Defendant Acheson Hotels, LLC ("Acheson") owns and operates the Coast Village Inn and Cottages ("Coast Village Inn"), located in Wells, Maine. By operating this lodging establishment, Acheson is subject to the various regulations that seek to ensure places of public accommodation are accessible to disabled persons. Prior to September 24, 2020, Laufer visited the ORS for the Coast Village Inn multiple times "for the purpose of reviewing and assessing the accessible features at the Property and ascertain[ing] whether they meet the requirements of 28 C.F.R. § 36.302(e) and her accessibility needs." (Am. Compl., PageID #s 124 & 127.) Since 2019, Laufer has been planning a trip to Maine. (Laufer Decl. (ECF No. 17), PageID # 171.) Specifically, Laufer has planned to drive from Florida to Maine and then to Colorado with her grandchild "meandering all throughout the states in which she passes [with] stop[s] at tourist attractions, points of interest, educational and historic sites." (Am. Compl., PageID # 123.) While in Maine, Laufer has planned to "meet with her sister and look for a bed and breakfast to possibly buy and run." (Id.) While Laufer "initially planned to travel during the Summer of 2020, [she] now awaits the passing of the Covid crisis and, once it subsides, she will take her trip." (Id., PageID # 124.)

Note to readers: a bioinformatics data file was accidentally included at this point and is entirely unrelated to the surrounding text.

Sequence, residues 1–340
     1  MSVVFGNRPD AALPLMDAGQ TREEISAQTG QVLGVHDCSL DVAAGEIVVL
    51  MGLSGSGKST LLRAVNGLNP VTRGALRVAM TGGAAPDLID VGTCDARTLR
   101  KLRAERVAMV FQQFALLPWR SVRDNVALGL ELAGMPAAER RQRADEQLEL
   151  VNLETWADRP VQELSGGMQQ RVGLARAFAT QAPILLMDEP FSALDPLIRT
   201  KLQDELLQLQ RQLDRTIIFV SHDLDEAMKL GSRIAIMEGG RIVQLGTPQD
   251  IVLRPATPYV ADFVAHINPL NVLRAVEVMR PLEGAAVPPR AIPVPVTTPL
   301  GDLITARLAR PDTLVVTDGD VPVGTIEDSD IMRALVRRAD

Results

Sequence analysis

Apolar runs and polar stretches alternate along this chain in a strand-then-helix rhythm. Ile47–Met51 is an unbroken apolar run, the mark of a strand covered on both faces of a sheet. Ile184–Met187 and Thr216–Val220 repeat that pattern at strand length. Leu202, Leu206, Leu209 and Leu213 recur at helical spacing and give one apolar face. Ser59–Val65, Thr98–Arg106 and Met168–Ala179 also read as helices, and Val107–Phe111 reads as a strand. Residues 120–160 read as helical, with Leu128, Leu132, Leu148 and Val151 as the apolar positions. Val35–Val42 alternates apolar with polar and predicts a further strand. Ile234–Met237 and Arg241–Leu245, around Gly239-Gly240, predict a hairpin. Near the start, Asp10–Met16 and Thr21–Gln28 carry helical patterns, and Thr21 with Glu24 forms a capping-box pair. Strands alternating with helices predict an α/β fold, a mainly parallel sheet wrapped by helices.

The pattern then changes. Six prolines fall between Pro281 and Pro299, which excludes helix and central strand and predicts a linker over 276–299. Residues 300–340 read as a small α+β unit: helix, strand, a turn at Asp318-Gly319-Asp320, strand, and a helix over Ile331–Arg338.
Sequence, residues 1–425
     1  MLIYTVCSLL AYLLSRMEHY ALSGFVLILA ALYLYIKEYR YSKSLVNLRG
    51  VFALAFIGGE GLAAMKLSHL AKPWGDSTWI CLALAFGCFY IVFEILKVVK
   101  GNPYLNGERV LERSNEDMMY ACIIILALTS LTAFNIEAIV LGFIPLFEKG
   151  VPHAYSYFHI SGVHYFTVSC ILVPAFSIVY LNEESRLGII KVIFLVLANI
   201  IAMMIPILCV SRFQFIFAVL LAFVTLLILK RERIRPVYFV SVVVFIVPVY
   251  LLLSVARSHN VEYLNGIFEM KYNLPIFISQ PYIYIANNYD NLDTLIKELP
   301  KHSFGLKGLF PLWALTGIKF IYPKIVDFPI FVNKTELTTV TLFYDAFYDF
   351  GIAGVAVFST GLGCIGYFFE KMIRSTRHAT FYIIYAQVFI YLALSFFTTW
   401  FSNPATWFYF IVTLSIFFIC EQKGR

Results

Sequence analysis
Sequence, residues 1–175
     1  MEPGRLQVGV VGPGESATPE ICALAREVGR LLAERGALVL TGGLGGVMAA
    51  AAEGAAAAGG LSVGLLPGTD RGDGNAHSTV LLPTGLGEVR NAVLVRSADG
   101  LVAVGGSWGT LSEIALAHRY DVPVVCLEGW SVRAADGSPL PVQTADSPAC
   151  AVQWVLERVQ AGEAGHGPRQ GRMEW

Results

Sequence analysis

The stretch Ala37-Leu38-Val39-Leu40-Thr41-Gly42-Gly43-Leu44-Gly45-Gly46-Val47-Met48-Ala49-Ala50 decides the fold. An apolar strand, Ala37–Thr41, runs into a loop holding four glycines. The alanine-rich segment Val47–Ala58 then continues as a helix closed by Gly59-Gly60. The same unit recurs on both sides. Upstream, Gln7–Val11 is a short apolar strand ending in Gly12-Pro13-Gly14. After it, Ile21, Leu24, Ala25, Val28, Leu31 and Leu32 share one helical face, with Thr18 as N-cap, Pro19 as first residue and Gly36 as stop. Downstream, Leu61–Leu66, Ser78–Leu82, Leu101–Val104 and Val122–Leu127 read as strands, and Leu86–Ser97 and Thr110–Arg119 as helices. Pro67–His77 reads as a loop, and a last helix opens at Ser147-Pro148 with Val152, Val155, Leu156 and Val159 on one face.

Prior to September 24, 2020, when Laufer visited, the ORS "failed to identify accessible rooms, failed to provide an option for booking an accessible room, and did not provide sufficient information as to whether the rooms or features at the hotel are accessible." (Id.) Laufer asserts that the failure to include this accessibility information deprives her of "the ability to make a meaningful choice." (Laufer Decl., PageID # 171.) She further asserts that the conditions she encountered when visiting the ORS from her home caused her to suffer "humiliation and frustration at being treated like a second class citizen, being denied equal access and benefits to . . . accommodations and services." (Id., PageID # 172.)

Having visited in connection with reviewing the pending Motion, the Court notes that the website has a banner that states: "Please note: Unfortunately, we do not have the capabilities to provide ADA compliant lodging. We apologize for the inconvenience!" However, the website also explains that the Inn has "no shared hallways" and that "every guest has a direct entrance from his/her car into their cottage or room." The room description portion of this ORS contains pictures of the rooms and notes that some rooms have "updated bathrooms" with an "easy entry shower." See (last visited 5/13/21).